With Eastland Mall reducing operating hours and the parent company walking away from ownership, Charlotte residents wonder: Is the mall dead?
Store owners say no, and they plan to stick with the mall as long as it keeps opening its doors. The merchants are unified by the knowledge that despite its financial troubles, Eastland remains the place to go in Charlotte for ethnic clothing and home items.
“(The mall) can be saved. A lot of people shop here, but a lot don't even know Eastland is still open,” said Len McClintock, manager of Fame Sports. “The word of mouth just isn't correct.”
Columbus, Ohio-based Glimcher Realty Trust, the mall's owner, said in a statement last month it will no longer subsidize the money-losing mall, a longtime community anchor at Central and Albemarle roads in east Charlotte.
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And last week, the mall announced it will cut hours beginning this week – closing Sundays and reducing hours other days. That would shave a total of 241/2 hours of shopping each week. The mall's anchors will continue to operate normal hours, including Sundays.
Eastland mall has 95 local, regional and national stores inside the center plus three large anchor tenants – Sears, Burlington Coat Factory and Dillard's. (Dillard's is scheduled to close sometime next month.)
The typical Charlotte mall has about 100 tenants, Eastland general manager Marvin Snyder said.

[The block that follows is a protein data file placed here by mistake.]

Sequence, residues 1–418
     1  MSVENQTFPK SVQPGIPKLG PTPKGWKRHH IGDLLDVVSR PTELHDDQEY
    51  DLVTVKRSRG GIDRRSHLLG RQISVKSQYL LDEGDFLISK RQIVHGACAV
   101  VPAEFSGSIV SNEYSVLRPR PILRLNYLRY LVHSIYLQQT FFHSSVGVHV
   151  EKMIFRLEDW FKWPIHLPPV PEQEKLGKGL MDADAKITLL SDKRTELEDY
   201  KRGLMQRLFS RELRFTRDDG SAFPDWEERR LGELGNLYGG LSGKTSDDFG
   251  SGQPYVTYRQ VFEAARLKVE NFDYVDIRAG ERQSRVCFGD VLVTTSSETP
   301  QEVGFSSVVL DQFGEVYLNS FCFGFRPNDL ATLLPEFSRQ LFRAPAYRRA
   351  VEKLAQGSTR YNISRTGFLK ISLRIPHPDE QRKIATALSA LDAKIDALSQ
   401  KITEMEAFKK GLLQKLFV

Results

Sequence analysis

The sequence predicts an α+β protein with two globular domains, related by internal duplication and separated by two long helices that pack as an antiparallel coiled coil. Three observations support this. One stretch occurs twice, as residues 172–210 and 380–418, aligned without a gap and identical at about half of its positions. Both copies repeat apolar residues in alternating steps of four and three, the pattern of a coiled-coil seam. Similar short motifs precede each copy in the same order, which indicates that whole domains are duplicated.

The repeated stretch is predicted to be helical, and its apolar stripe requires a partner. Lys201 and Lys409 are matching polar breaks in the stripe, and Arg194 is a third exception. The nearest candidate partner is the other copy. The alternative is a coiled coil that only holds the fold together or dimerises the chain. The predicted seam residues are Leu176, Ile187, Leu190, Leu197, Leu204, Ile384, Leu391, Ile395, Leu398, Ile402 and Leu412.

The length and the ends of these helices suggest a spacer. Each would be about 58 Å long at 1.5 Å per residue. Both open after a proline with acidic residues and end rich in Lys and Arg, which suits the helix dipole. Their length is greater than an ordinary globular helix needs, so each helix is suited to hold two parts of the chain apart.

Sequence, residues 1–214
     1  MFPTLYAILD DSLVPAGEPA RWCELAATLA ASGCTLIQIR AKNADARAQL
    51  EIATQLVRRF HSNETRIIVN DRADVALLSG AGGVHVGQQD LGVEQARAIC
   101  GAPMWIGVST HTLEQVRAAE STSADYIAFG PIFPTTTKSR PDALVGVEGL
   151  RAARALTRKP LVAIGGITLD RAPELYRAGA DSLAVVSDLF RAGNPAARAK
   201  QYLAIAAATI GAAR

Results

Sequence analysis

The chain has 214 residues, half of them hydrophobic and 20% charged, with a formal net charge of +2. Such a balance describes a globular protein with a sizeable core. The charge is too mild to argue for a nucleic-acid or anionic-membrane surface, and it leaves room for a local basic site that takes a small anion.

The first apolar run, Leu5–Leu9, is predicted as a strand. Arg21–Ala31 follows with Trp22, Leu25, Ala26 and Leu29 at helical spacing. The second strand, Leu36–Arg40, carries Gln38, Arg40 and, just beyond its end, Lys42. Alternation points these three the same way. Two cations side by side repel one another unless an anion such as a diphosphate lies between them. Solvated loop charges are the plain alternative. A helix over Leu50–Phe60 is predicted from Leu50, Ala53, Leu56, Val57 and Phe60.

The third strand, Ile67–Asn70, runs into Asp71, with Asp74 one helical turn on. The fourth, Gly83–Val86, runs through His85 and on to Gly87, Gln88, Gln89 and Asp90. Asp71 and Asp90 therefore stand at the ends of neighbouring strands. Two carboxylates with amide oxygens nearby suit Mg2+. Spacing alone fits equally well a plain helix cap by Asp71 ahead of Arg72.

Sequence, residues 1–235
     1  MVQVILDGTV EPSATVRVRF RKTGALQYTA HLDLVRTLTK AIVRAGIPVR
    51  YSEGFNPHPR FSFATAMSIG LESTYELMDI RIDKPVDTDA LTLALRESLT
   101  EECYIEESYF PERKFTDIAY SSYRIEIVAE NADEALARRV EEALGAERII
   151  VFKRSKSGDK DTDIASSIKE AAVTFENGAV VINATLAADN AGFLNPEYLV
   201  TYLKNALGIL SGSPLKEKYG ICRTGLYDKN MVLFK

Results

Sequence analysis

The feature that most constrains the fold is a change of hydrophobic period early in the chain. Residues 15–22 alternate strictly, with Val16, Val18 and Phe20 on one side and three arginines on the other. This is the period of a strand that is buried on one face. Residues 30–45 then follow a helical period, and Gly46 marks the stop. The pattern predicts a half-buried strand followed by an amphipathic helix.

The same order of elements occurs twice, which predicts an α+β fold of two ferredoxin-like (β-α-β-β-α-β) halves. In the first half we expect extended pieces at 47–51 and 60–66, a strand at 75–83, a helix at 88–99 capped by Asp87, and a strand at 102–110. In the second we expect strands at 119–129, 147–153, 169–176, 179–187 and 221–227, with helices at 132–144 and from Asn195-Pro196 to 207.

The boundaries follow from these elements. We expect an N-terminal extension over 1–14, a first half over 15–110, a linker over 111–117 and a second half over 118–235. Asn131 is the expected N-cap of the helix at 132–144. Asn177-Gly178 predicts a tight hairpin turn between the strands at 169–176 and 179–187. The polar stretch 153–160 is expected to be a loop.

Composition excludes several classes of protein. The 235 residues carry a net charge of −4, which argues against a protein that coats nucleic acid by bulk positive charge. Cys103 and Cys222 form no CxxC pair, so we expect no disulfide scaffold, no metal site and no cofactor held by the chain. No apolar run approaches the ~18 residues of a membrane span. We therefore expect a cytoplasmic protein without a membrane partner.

Eastland is different than other Charlotte malls because most of its stores cater to African Americans and Latinos who demand a specialized style that exudes pride in their culture and lifestyle.
This primarily includes “urban fashion” – clothing and accessories inspired by hop-hop artists. Other examples include T-shirts with Spanish slogans or accessories and home décor in Africa-inspired prints.
“The stuff at the other malls is just not good. There's not enough of it,” Edwin Usher, a 28-year-old line cook said while eating at the food court last week. “If they have it, it's really expensive.”
James Muhammad, owner of Dynasty Books, said Eastland stores are in a unique position to respond to the demands of the market. While large stores such as Belk and Dillard's must roll out a vast inventory that caters to the masses, small, independent stores can afford to take a risk by targeting a niche.
Muhammad said he believes that is why the larger stores did not survive at Eastland.
“When people do have money to spend, they come here to spend it,” he said. “By the time Barnes & Noble realizes what people are looking for in books, or by the time Macy's gets the newest urban line, the people have already transitioned to something else.”
Some Eastland shoppers said they also prefer the mall because they can find a broader selection of sizes. It's much easier, they say, to find 3x to 6x sizes for adults and clothes that will fit larger children.
Shoppers, city officials and store owners said they hope Eastland's unique flavor will be saved in some form, even if the mall itself must be demolished for redevelopment. Consultants and city leaders have said the best way to revitalize the area is to replace the mall with a mixed-use development of stores, residences and community services.
Meanwhile, the mall has continued its goal of attracting tenants to replace those that have left. In the last two years, Man Alive, a national urban clothing chain, has opened at the site. Also, the movie theater reopened and has been showing first-run blockbusters.
Just last week, home improvement store Surplus Warehouse opened at Eastland Mall in the building Harris Teeter vacated last year.
“I really hope the mall says because I love coming here,” said Brittany Thompson, 32. “If they close, where will we buy our clothes?”